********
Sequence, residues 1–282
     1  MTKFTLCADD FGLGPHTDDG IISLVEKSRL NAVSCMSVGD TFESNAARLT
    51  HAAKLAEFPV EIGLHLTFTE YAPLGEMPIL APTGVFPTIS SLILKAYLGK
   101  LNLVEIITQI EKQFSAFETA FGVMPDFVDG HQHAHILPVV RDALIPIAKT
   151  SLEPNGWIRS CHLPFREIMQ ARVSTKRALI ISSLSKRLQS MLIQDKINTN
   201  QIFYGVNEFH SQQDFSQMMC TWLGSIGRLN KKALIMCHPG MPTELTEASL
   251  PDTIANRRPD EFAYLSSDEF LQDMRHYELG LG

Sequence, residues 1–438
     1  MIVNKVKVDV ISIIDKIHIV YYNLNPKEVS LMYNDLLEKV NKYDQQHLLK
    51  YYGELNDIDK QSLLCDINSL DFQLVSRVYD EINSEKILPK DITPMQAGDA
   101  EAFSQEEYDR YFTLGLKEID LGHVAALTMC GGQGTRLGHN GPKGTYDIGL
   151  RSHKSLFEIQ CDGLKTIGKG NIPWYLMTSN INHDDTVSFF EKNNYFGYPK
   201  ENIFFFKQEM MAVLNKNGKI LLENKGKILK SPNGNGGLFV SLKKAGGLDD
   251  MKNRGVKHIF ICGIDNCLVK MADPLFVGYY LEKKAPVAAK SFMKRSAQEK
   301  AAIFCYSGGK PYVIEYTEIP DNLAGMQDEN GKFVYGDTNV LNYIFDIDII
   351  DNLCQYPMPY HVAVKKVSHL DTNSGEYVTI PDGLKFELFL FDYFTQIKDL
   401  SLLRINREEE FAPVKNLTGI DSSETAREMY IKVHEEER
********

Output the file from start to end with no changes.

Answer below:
Sequence, residues 1–282
     1  MTKFTLCADD FGLGPHTDDG IISLVEKSRL NAVSCMSVGD TFESNAARLT
    51  HAAKLAEFPV EIGLHLTFTE YAPLGEMPIL APTGVFPTIS SLILKAYLGK
   101  LNLVEIITQI EKQFSAFETA FGVMPDFVDG HQHAHILPVV RDALIPIAKT
   151  SLEPNGWIRS CHLPFREIMQ ARVSTKRALI ISSLSKRLQS MLIQDKINTN
   201  QIFYGVNEFH SQQDFSQMMC TWLGSIGRLN KKALIMCHPG MPTELTEASL
   251  PDTIANRRPD EFAYLSSDEF LQDMRHYELG LG

Sequence, residues 1–438
     1  MIVNKVKVDV ISIIDKIHIV YYNLNPKEVS LMYNDLLEKV NKYDQQHLLK
    51  YYGELNDIDK QSLLCDINSL DFQLVSRVYD EINSEKILPK DITPMQAGDA
   101  EAFSQEEYDR YFTLGLKEID LGHVAALTMC GGQGTRLGHN GPKGTYDIGL
   151  RSHKSLFEIQ CDGLKTIGKG NIPWYLMTSN INHDDTVSFF EKNNYFGYPK
   201  ENIFFFKQEM MAVLNKNGKI LLENKGKILK SPNGNGGLFV SLKKAGGLDD
   251  MKNRGVKHIF ICGIDNCLVK MADPLFVGYY LEKKAPVAAK SFMKRSAQEK
   301  AAIFCYSGGK PYVIEYTEIP DNLAGMQDEN GKFVYGDTNV LNYIFDIDII
   351  DNLCQYPMPY HVAVKKVSHL DTNSGEYVTI PDGLKFELFL FDYFTQIKDL
   401  SLLRINREEE FAPVKNLTGI DSSETAREMY IKVHEEER